In DeLacey’s scrapbook, the “ThanksGiving” invitation shares space with a 1982 Parents Weekend beer and wine list advertising Budweiser, Geyser Peak Cabernet Sauvignon and Jacques Bonet Champagne. Geyser Peak was the bigspender option at 75 cents a glass.

By any standard, the redesigned 1843 Room was a hands-down success. Student newspaper The Crusader proclaimed “Good Pub is Good Investment” and quoted Fr. Harman who said, “Great job. Looks great.” On its opening night, attendees donated $1,100.

Dozens of caricatures of students who attended The Pub


Memories from The Pub

“My best memories were of bartending and playing OutKast on replay as the DJ, serving 2-for-1 drafts to my fellow seniors and changing kegs that I swore weighed more than I did!” — Michael Meyers ’98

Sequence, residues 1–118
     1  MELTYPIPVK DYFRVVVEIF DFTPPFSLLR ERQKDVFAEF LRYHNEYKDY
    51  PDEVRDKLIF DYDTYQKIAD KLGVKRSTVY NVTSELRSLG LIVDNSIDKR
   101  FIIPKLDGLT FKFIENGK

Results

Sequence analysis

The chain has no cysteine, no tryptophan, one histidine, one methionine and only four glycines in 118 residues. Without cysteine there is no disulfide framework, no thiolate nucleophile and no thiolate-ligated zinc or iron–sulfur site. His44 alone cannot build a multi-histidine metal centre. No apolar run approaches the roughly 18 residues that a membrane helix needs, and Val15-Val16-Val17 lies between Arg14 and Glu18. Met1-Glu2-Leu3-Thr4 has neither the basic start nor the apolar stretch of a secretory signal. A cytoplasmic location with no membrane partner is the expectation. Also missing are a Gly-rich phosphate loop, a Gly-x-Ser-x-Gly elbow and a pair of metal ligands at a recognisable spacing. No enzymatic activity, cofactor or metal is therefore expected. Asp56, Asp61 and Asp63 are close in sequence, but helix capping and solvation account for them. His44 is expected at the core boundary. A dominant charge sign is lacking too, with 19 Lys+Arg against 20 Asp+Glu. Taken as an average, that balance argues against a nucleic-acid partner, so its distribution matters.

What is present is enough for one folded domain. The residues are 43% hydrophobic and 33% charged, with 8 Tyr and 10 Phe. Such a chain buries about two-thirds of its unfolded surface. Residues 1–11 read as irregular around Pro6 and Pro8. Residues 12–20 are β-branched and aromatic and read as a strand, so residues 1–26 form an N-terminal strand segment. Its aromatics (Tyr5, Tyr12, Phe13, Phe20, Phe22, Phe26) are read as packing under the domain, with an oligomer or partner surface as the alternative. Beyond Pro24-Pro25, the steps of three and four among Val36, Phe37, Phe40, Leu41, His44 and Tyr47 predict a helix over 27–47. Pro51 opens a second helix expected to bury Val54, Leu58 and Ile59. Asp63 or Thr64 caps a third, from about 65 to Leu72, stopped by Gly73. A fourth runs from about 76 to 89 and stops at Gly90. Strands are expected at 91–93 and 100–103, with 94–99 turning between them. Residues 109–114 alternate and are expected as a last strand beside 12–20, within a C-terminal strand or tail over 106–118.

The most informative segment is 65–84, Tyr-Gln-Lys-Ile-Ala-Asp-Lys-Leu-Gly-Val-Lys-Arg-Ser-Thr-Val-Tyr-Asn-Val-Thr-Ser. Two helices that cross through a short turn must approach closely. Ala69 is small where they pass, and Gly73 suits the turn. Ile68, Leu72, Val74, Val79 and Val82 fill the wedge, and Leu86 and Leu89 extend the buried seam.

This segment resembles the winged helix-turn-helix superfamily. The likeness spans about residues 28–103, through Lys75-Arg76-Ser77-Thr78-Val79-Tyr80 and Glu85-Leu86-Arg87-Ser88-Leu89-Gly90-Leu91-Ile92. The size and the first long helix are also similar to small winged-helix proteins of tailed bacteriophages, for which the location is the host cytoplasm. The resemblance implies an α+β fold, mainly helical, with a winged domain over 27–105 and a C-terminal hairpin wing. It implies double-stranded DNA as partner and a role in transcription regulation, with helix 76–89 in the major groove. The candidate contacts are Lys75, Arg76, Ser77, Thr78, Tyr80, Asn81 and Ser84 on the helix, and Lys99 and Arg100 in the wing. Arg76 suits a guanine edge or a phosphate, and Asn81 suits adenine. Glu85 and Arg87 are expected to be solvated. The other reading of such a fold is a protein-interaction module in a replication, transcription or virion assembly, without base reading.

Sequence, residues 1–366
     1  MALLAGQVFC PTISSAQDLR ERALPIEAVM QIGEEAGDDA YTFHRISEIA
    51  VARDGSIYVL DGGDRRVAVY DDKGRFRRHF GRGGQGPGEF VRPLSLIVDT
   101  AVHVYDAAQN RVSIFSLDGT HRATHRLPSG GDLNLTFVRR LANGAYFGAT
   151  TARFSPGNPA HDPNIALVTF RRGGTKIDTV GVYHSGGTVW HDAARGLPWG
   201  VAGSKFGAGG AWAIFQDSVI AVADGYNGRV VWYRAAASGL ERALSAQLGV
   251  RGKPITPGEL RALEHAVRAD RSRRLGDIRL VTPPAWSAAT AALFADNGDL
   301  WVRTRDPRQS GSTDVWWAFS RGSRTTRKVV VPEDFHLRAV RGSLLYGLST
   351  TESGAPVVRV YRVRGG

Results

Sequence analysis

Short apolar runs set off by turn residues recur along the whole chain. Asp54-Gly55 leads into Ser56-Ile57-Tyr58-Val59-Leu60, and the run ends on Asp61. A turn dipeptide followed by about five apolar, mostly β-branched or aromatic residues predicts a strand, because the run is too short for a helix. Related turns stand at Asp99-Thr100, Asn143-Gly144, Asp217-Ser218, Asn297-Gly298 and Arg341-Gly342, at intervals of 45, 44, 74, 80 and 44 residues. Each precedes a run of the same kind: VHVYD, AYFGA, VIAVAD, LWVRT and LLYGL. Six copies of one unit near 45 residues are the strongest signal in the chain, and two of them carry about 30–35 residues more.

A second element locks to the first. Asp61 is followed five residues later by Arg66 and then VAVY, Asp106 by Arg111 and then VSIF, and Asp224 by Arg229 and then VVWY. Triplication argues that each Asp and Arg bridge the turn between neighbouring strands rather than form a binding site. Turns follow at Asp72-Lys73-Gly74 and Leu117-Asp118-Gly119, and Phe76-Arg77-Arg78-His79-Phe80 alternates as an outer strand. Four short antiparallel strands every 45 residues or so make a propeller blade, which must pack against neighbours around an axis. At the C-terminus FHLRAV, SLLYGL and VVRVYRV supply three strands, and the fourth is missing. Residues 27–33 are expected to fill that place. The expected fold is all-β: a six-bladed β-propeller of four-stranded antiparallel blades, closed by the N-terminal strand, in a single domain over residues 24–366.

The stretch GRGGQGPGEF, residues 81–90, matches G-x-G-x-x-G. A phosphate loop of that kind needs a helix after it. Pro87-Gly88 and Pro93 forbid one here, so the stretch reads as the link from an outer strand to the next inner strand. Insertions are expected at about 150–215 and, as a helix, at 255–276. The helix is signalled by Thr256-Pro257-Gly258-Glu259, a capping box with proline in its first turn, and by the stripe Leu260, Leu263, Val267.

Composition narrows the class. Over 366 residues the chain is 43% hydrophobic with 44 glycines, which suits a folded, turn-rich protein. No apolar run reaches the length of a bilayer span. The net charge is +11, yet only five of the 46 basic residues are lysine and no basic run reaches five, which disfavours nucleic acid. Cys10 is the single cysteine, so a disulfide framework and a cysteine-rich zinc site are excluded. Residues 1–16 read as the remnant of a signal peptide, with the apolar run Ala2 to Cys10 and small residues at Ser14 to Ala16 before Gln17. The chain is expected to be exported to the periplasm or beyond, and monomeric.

Soon the 1843 Room, increasingly referred to simply as “The Pub,” was a central fixture in seminal events in the life of a Holy Cross student and was often the first stop on a 21st birthday and where a person ended up after 10 p.m. Mass on Sunday nights. It launched the satiric comedy troupe The Not Ready For Fenwick Players. Predecessor of The Crusadists, The Not Ready For Fenwick Players comprised juniors and seniors who performed for their classmates on Spring Weekends from the early 1980s through the early 2000s.

Over the years, another tradition, the annual creation of the Pub Rat poster, developed. This involved Pub-regular seniors waiting in long lines to sit for a caricaturist who would draw their likenesses on a poster headed with the words “Pub Rats,” which would subsequently be framed and hung on the wall, a tradition that continues to this day.